A leading epidemiologist has warned Sydney’s Northern Beaches coronavirus outbreak could spiral to more than 3,000 cases by early January.
Epidemiologist Professor Raina MacIntyre, who is Head of Biosecurity Program at the University of NSW’s Kirby Institute, labelled Christmas a “ticking time bomb” while she said New Year’s Eve a week later could send cases spiralling out of control across Sydney.
“The combination of silent infections, exponential growth and the calamitous timing of New Year’s Eve being within one incubation period of Christmas day is a tinder-box, and the Sydney outbreak could not have come at a worse time,” she explained in her latest blog post for the NHRMC Centre for Research Excellence Integrated Systems for Epidemic Response.
She predicts at the current rate of infection there will be 120 new cases by Christmas Day which will lead to several hundred new infections.
She warned the large number of people who are asymptomatic and the timing of the outbreak means December 25 will come when current infections are most infectious.
“We can then predict that about 400 newly infected people will be at peak infectiousness on December 31st, and that we could be looking at 3000 cases by January 8th,” she warned.
Prof MacIntyre said the situation is far worse than the Crossroads Hotel cluster in July when a truck driver brought the virus into the state from Victoria, leading to weeks of community transmission in the Sydney area.
She said a short, sharp lockdown for Sydney’s five million people, similar to the one imposed by South Australian authorities last month, may be needed if new infections don’t drop over the next 48 hours. She said this may prevent widespread transmission and allow Christmas gatherings to take place, albeit outside.
She said it was also vital testing was ramped up across not just the Northern Beaches but the entire Sydney area, with long waits deterring people from coming forward.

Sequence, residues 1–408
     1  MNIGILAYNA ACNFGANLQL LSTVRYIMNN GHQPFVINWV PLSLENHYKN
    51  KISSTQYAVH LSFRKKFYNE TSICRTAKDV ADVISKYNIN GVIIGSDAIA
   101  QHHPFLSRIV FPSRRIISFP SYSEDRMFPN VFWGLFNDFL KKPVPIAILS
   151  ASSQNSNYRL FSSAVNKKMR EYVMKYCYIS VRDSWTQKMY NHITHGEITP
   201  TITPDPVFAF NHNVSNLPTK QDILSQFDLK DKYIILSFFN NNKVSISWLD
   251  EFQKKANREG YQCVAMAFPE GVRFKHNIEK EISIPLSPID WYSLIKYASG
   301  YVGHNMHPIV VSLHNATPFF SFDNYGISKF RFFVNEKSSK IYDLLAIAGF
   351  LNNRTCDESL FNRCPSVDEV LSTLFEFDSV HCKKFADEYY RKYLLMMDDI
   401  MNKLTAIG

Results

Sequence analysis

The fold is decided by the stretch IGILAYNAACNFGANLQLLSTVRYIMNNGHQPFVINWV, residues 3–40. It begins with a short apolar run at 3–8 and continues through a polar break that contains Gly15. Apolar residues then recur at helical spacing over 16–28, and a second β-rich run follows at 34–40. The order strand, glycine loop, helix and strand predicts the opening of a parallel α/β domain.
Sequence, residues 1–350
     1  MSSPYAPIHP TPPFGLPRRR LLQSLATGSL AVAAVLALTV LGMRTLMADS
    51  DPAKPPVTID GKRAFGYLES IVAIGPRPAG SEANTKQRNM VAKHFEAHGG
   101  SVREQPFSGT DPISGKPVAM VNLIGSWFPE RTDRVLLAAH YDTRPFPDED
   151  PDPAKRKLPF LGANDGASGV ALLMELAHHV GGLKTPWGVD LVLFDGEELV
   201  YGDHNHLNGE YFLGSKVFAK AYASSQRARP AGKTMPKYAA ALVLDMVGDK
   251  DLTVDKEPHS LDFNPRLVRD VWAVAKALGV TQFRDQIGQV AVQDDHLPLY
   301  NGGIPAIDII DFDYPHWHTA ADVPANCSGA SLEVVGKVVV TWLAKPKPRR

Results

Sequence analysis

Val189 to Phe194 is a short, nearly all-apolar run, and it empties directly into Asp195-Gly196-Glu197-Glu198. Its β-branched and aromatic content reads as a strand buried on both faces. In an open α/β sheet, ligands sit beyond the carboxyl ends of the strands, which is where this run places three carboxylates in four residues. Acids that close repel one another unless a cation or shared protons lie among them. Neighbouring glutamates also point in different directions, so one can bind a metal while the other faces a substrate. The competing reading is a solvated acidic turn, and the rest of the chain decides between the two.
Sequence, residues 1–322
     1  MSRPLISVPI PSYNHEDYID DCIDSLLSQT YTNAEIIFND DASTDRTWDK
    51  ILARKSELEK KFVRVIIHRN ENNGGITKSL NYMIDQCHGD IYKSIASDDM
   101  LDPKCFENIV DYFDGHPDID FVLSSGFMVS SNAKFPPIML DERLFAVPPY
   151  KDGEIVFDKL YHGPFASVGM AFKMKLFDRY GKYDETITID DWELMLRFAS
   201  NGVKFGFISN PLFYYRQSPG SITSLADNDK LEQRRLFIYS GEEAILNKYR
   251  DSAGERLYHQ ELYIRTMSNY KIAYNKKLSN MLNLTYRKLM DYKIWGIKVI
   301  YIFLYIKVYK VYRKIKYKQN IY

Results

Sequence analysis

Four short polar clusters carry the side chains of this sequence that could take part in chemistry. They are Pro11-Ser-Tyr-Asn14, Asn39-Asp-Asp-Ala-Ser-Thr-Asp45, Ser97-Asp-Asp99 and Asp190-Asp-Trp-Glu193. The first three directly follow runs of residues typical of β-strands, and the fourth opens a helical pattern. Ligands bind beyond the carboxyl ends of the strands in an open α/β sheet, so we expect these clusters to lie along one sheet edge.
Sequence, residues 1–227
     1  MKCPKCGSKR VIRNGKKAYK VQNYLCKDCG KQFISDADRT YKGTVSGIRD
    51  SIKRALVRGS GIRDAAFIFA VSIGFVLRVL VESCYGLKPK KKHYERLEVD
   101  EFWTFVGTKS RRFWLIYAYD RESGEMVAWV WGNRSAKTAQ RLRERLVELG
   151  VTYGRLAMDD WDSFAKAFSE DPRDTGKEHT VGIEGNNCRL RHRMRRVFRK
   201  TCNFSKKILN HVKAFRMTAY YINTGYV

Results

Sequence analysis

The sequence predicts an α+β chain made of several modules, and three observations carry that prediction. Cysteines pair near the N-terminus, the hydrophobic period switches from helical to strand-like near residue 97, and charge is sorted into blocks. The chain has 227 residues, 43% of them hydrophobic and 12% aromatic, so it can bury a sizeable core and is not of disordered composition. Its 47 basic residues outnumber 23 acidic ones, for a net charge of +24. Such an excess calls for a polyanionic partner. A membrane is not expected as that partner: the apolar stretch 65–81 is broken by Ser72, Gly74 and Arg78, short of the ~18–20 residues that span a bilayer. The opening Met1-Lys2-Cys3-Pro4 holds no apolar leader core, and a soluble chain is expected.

Calls for ‘super-spreader’ NYE celebrations to be scrapped
Prof MacIntyre called New Year’s Eve the “mother of all super-spreading events”, a celebration fellow UNSW epidemiologist Mary-Louise McLaws says should now be scrapped.
“Certainly New Year's Eve, sadly, should be cancelled this year,” she told ABC News Breakfast.
Prof McLaws, a World Health Organisation advisor, told Yahoo News Australia on Friday the Northern Beaches should be ring-fenced until after New Year’s Eve to prevent the spread of the virus.
She warned against a soft ring-fencing which she says failed in Melbourne and urged the government to prevent anyone but essential workers from leaving or entering with strict road blocks.
Both Prof MacIntyre and Prof McLaws stress the importance of mandating masks across greater Sydney to prevent further spread of the virus.
“Masks mandate across greater Sydney will make a difference, especially as people are flooding shopping malls in huge numbers for their Christmas shopping,” Prof MacIntyre said.
She said without making them compulsory, only between 30 and 50 per cent of people will wear them.
NSW Health Minister Brad Hazzard told ABC News Breakfast on Monday that the advice currently was to wear a mask indoors and on transport however there were complexities to mandating masks.
New virus restrictions for Greater Sydney, Wollongong and Central Coast
Household gatherings will be limited to 10 visitors (until 11:59pm Wednesday).
The one person per four square metre rule will be re-introduced for all indoor settings including hospitality venues and places of worship.
A cap of 300 people will apply for hospitality venues and places of worship.
Singing and chanting at indoor venues will not be allowed.
Dancefloors will not be permitted, except for weddings, when a maximum of 20 from the bridal party will be permitted.
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